4. How do many kids get into the NFL? Playing Madden. There needs to be a whole wing dedicated to the various video games of the NFL over the years. This could easily pay for itself–you could get people to pay to sign up for time slots to come to the Hall and play their favorite games. You think that if my brother and I went there, I wouldn’t pay $10 for an hour to kick his ass at Madden 97 or Super Tecmo Bowl? I absolutely would pay that. And I might watch other people play for awhile. It would be awesome. As I recall, the Hall does mention video games, but you can’t play them.

There are so many huge football fans in this country–the NFL could hold a contest for ideas to remake the Hall. Hype it up even more. Instead, the NFL is a league that makes the announcement of next year’s schedule the lead sports story for a day but can’t even honor its past properly.

The Pro Football Hall of Fame is a complete joke and the NFL should be ashamed of it.

Comments (27)

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  1. I’m dismayed that this post does not include a “Cortez the Killer” embed.

  2. c u n d gulag says:

    No Carter?

    No Parcells?

    No clue.

  3. Thlayli says:

    Kennedy is the fifth Miami alum to make the HOF, the third from the ’80s (Hendricks, Irvin, Kelly, Otto).

    Looking forwards: Lewis and Reed are locks, Portis and Shockey are borderline, Andre Johnson and Jimmy Graham are building their cases, Chuck Foreman is a possible Veterans pick.

  4. The Shaggy DA says:

    Predictably, ESPN’s take was to ask, “Should Bettis have gone in before Martin?” The correct answer, of course, is neither. If anyone takes issue, I’d just ask you to name a year in which either one was even the second best RB in the league.

    • Erik Loomis says:

      Absolutely. I would probably vote Bettis in before Martin, but I would vote neither of them in before Haley or Carter or Tim Brown or Will Shields.

    • John Protevi says:

      Martin was unanimously seen as the best in 2004 and as right at the top in 2001:

      All-Pro Teams
      Year Team Level Voters
      1995 1st Team All-Conf. Pro Football Weekly
      1995 1st Team All-Conf. UPI
      1996 2nd Team All-Conf. UPI
      1999 2nd Team All-NFL Associated Press
      2001 1st Team All-Conf. Pro Football Weekly
      2001 2nd Team All-NFL Associated Press
      2001 1st Team All-NFL Pro Football Writers
      2001 1st Team All-NFL Sporting News
      2004 1st Team All-Conf. Pro Football Weekly
      2004 1st Team All-NFL Associated Press
      2004 1st Team All-NFL Pro Football Writers
      2004 1st Team All-NFL Sporting News

      http://www.pro-football-reference.com/players/M/MartCu00.htm

      • The Shaggy DA says:

        Okay, I’ll give you that 2004 was a down year for running backs. All those all conference titles came when he was in a different conference from real HOF’ers like Barry Sanders, Emmett Smith (admittedly overrated, but better than Martin), and Marshall Faulk. He’s also no Eddie George or Corey Dillon. You may disagree, but being really pretty good over a long period does not make the Hall of Fame for me.

        • mpowell says:

          Well, it’s just a really difficult achievement for a RB. But I’d grant you that it delivers precious little value to the team. The Jets probably could have picked up waiver wire RBs over those 11 years and gotten just as good of performance in 5 of them.

      • The Shaggy DA says:

        As far as career peaks go, I think Priest Holmes was close, if not superior around that same time, but I don’t think anyone talks seriously about him being a HOF’er.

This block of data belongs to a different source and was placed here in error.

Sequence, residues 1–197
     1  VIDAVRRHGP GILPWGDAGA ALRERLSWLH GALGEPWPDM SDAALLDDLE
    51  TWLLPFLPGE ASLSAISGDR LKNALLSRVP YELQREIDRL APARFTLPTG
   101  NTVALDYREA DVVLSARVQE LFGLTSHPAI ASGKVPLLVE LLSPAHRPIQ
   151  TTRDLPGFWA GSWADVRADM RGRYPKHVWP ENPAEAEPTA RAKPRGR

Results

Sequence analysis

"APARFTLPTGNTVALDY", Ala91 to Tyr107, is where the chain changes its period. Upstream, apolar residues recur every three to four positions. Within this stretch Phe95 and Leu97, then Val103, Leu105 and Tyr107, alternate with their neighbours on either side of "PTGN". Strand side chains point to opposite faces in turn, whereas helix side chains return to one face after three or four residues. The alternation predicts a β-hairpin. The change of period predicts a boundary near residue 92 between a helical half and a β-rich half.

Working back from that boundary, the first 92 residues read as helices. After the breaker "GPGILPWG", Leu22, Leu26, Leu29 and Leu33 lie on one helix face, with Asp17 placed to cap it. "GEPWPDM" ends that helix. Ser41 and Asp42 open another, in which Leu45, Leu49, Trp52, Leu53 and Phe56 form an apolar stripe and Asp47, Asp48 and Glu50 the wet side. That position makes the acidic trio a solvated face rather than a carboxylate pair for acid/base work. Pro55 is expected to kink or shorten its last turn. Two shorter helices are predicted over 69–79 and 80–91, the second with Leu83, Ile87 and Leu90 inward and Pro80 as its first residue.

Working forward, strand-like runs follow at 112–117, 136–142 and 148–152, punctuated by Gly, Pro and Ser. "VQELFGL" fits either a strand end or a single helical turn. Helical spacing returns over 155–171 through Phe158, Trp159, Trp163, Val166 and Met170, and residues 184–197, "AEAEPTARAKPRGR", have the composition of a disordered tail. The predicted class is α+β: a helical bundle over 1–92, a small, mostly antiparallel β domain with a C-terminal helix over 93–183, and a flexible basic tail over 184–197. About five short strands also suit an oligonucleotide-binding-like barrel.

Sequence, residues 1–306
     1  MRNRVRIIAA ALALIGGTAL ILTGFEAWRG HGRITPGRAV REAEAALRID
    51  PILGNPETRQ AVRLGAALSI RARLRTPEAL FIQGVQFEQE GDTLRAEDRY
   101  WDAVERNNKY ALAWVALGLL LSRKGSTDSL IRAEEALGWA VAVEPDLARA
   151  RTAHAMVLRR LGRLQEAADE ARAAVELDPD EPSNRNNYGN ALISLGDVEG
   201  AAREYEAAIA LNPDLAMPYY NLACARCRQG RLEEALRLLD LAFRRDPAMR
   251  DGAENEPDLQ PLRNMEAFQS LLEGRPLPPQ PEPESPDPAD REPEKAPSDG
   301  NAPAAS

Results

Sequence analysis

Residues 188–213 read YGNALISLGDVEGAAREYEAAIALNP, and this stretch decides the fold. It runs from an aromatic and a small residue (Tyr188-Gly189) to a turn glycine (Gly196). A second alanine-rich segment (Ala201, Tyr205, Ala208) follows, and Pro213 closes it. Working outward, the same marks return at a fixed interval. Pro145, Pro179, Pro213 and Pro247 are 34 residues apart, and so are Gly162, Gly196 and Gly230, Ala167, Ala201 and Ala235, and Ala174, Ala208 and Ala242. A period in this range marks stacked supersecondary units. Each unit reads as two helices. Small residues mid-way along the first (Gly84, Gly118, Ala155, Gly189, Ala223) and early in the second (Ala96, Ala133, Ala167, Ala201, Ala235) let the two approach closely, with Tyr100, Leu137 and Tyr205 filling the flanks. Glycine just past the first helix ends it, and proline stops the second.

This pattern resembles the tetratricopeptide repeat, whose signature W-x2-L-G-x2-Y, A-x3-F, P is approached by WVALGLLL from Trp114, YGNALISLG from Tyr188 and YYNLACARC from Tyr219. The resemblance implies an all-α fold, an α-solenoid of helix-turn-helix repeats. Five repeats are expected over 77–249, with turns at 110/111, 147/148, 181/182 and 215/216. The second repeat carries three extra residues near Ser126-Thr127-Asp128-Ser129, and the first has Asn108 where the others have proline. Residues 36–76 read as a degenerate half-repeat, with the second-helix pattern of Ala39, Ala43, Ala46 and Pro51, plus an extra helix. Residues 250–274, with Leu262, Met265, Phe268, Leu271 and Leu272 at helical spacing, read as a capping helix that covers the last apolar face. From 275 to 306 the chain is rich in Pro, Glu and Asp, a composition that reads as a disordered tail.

Of course, he never played in New York.

  5. Ginger Yellow says:

    The most egregious was the whole room dedicated to the NFL playing games in Europe. What fan possibly cares about this? If anything, it’s annoying because your team loses a home game.

    Or, in my case, as a London based Bears fan, you gain a home game. Still, not the sort of thing that should be in the Hall of Fame.

  6. Incontinentia Buttocks says:

    I last went to Canton in the late 1980s and it was falling apart then, too.

    I distinctly remember that the very first display case was dedicated not to the origins of football, but to determining who the first person was who had been paid to play football. This starting point highlights one of the differences between Canton and its much nicer cousins. Springfield houses the “Naismith Memorial Basketball Hall of Fame.” Coopertown is the home of the “National Baseball Hall of Fame and Museum.” While both focus on the pro game (and their formal Halls of Fame enshrine those who played, coached, and otherwise were involved with the pro game) the museums are about the entire history of their sports.

    Canton is the site of the “Pro Football Hall of Fame.” At least when I visited, the museum seemed little interested in the history of the sport of football beyond the NFL and the old AFL. It would be a much better museum if it broadened its historical vision.

    But they could start by simply making it less of a shithole.

    • The Shaggy DA says:

      That’s somewhat defensible when you consider that college football has a rich and much longer history than the pros, which has its own institution in South Bend.

  7. Richard Hershberger says:

    Is the Pro Football Hall of Fame an NFL body? The baseball HoF is a distinct entity. While it has ties to Major League Baseball, it is its own thing. One can argue that the NFL should toss some cash in the direction of Canton, but it is probably mistaken to speak as if the museum were owned and operated by the NFL.

    I am more of a baseball guy, so perhaps my perception is skewed, but my sense is that football doesn’t have the sense of its own history like baseball does. Baseball has its own limitations: anything before 1900 tends to be seen through a sepia-tinged haze of quaintness. But with football this seems to be true of anything before the Superbowl era. Cooperstown has made an industry of marketing to baseball fans’ sense of history. I’m not persuaded there is an equivalent market for football.

  8. JLK1 says:

    I don’t know who runs the Canton museum, but the league itself is a non-profit tax exempt entity that pays Goodell something like $10 million per year.